I don’t regret getting married young 8



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The age of a bride and groom when they walk down the aisle has steadily increased in recent decades. While in the 1960s and ’70s the average age for a woman to get first get married was 20 and 22 for men, today — more than 30 years later — that number has moved up to 27 years.

While tying the knot between the ages of 20 and 23 might not be the done thing any more, there are plenty of women who stand behind their decision to get married a little earlier than most.

Sarah met her husband-to-be when she was just 18, and fell madly in love. But it wasn’t until two years later, when she was blissfully celebrating at their engagement party Sarah was first seriously confronted about the whirlwind romance, and her very young age.

“One of my relatives stumbled up to me,” Sarah explains.

“Just tipsy enough to be honest, she pulled me aside and slurred in my ear: ‘Just make sure this is something you really want … Your 20s are such a special time. Make sure you really get to enjoy them.’”

Despite the warnings Sarah knew she had found ‘The One’.

“He made me laugh harder than anybody else, and he had a steady job. Whether I got married at 32 or 22, this was the person I wanted to spend my life with without a doubt. Why wait?”

Fast-forward six years and Sarah and her husband are still happily married, and while neither of them regret their decision to marry young, Sarah is the first to admit she can see her tipsy relative’s point looking back.

However, Sarah says getting married at a young age didn’t come without consequences.

“By our first anniversary — married and pregnant with our first child — we no longer had as much in common with our non-married, non-parent friends. The decision to marry was the right one for us, but it created a gradual rift between us and our college-aged friends that I feel sad about to this day. I assumed that not much would change after we were married, that we’d have the same social circle, that we’d still have essentially the same lives as we did before. I was wrong.”

It seems age didn’t matter for Vivianne either.

“When I look back now, 20 years old seems so young, but my mum married at that age — and so did her mum,” Vivianne, who is now in her late-40s, says.

“I’ve heard people say that if you marry young you’re more likely to get divorced because you don’t know who you are, but that doesn’t ring true for me.”

While Sandy says when she got married at 22 it was an opportunity for her and her new husband to build a life together.

How old were you when you first got married? Did your family have anything to say about your decision? Do you think there is an ‘ideal age’ to tie the knot?

Guest Contributor

  1. I was 19 my husband was 22. I guess to be honest I can see advantages to bieng older and advantages to bieng younger! My husband and I have been married 45 years and we still love each other. We disagree about some things agree about others. We have 3 children 8 grandchildren and life has been like it is for most people a roller coaster ride. I said in a status one day for his birthday that he was my gold lotto ! When you do a list of positives and negatives for your life and marriage my positive list is massive negative small by comparison. I was a young Nana as well and have had the best time with my Grandchikdren who are aged from 22 down to 9. It was a different time so you can not compare.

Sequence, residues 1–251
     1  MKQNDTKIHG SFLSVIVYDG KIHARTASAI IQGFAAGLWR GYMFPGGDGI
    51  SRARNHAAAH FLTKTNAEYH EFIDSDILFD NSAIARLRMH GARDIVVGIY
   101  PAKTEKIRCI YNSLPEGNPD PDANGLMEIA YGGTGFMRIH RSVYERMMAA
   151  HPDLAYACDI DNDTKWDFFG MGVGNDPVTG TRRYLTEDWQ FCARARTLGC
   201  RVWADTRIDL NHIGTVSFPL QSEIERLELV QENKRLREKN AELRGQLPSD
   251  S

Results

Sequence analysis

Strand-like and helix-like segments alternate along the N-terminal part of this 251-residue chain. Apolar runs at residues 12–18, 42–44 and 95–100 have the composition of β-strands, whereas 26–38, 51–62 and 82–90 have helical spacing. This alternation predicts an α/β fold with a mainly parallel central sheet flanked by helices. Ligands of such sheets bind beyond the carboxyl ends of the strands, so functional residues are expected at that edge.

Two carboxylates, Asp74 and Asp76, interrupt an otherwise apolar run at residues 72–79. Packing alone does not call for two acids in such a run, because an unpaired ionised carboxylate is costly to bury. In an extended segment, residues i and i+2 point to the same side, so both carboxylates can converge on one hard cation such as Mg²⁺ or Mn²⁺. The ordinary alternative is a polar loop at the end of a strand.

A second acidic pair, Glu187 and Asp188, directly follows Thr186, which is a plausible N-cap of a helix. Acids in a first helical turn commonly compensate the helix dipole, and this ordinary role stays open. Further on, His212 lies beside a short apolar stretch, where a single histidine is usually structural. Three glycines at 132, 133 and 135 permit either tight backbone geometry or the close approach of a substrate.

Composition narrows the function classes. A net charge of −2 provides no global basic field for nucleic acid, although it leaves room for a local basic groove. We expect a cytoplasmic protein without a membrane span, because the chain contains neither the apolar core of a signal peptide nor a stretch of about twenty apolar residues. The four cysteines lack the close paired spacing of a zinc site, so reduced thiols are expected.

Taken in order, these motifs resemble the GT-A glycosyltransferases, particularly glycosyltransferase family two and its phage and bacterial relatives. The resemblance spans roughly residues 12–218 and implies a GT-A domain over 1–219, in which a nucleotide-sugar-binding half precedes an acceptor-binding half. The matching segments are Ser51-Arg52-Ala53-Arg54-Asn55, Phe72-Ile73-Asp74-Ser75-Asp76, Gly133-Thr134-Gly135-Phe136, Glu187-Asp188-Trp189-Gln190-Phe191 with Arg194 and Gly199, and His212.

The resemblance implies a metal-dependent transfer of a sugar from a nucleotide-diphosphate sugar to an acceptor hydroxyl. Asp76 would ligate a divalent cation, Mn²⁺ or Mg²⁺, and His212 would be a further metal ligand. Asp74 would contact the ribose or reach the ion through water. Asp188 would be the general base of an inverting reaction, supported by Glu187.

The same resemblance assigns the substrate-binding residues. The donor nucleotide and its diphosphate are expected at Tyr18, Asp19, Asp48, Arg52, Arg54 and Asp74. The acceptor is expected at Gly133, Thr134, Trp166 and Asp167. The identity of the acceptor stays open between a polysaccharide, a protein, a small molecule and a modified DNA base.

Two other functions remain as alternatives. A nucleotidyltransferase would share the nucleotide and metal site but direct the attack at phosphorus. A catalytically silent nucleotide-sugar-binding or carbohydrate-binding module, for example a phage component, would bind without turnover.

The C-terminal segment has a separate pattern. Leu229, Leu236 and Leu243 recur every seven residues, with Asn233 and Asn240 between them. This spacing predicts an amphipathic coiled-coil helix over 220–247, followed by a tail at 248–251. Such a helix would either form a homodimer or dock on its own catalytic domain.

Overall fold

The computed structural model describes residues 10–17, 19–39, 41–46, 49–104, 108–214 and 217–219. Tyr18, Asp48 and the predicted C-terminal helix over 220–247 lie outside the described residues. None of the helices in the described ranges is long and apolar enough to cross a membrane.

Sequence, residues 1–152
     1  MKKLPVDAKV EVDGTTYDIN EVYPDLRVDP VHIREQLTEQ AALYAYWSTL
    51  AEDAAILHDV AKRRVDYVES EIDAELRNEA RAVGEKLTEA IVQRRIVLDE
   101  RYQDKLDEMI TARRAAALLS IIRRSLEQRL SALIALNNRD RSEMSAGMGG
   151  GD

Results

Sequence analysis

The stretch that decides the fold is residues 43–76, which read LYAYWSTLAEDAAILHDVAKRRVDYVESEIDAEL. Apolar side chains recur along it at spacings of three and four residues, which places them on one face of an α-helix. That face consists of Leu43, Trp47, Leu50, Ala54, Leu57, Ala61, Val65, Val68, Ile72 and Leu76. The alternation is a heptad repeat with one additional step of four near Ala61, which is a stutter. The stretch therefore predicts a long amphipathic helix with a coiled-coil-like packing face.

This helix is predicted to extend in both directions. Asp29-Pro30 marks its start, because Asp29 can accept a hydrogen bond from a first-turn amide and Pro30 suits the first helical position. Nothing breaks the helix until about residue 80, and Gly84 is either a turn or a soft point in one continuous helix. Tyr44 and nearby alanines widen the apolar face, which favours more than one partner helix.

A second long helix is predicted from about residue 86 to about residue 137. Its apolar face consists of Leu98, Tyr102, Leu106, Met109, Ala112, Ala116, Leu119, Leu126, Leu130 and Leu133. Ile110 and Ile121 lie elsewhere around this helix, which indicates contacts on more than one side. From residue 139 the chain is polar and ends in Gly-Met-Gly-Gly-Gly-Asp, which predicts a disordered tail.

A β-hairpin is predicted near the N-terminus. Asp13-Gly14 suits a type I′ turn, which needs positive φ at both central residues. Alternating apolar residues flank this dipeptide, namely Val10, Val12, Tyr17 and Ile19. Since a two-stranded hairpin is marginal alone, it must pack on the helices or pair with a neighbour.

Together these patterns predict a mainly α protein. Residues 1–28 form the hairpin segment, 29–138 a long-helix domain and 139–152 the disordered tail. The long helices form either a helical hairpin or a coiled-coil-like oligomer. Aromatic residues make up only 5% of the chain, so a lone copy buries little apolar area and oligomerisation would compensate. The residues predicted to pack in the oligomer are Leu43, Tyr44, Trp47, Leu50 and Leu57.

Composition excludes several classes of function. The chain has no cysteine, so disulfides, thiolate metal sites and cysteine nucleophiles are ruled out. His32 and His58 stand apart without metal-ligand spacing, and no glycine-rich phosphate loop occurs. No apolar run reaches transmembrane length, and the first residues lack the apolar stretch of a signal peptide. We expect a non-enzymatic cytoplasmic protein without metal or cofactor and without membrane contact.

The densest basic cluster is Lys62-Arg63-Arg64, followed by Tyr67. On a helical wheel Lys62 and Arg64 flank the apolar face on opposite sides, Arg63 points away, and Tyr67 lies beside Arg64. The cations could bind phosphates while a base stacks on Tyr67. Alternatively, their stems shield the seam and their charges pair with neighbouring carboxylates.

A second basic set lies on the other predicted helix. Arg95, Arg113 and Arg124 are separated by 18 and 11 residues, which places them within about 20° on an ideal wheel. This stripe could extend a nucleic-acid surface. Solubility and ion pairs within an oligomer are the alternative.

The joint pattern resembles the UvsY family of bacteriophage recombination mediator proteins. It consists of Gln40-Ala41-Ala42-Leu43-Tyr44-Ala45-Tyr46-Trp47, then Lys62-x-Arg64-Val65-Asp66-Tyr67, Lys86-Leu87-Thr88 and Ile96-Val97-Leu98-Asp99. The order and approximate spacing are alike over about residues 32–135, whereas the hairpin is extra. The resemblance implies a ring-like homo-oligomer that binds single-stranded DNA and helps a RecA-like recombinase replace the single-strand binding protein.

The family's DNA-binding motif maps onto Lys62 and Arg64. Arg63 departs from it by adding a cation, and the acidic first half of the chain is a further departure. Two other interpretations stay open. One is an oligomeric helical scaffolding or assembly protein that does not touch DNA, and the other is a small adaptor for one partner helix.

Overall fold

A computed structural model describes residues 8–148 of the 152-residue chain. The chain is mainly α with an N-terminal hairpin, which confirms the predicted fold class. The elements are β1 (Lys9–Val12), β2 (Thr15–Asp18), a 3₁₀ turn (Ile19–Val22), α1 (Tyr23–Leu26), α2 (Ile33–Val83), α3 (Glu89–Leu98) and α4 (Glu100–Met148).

2. I was 22 when I married first time back in 1973 but 10 years before me my cousin was married at 16 and is still married to her husband and she would be about 70 now.

  3. We met when I was 15 and he was 18, married at 18 and 21, had 3 children. and have just celebrated our 55th wedding anniversary. We believe life is what we make it, we have had our ups and downs like every relationship, although not that many really. But wouldn’t change a thing, we have been blessed with 3 children, 7 grandchildren and 2 great grandchildren. Wouldn’t change a thing even the odd ups and downs have been so worth it!!!

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  4. I was nearly 21 and my husband 23 years old when we wed. We have been married for 46 years. Before we could get married (In New Zealand) it was a requirement of the Anglican Church to attend pre – marriage classes. Outside of the religious aspect of marriage there was a wholesome approach to the partnership you were committing to. These covered all aspects of married life, from money to having children, accepting friends of each others, relationships with your spouses family and so the list went on. All the things that are still relevant today. In the group we were with two couples opted to hold off getting married and I know for a fact one couple did marry a couple of years later. It’s so sad that these classes aren’t relevant anymore as I think a lot of people would learn so many life skills. Given my time again I would certainly marry my husband without a second thought.

  5. I met my husband when 13, he 18. We married at 20 and 25. Two sons when I was 22 and 24. We had so many wonderful years together until he died at 49 in 1993. Although my life has gone on, I still miss this loving man!

  6. I was married at 43 and I still think I was too young.

  7. I read this piece of writing completely concerning the difference of most recent and preceding technologies, it’s remarkable article.

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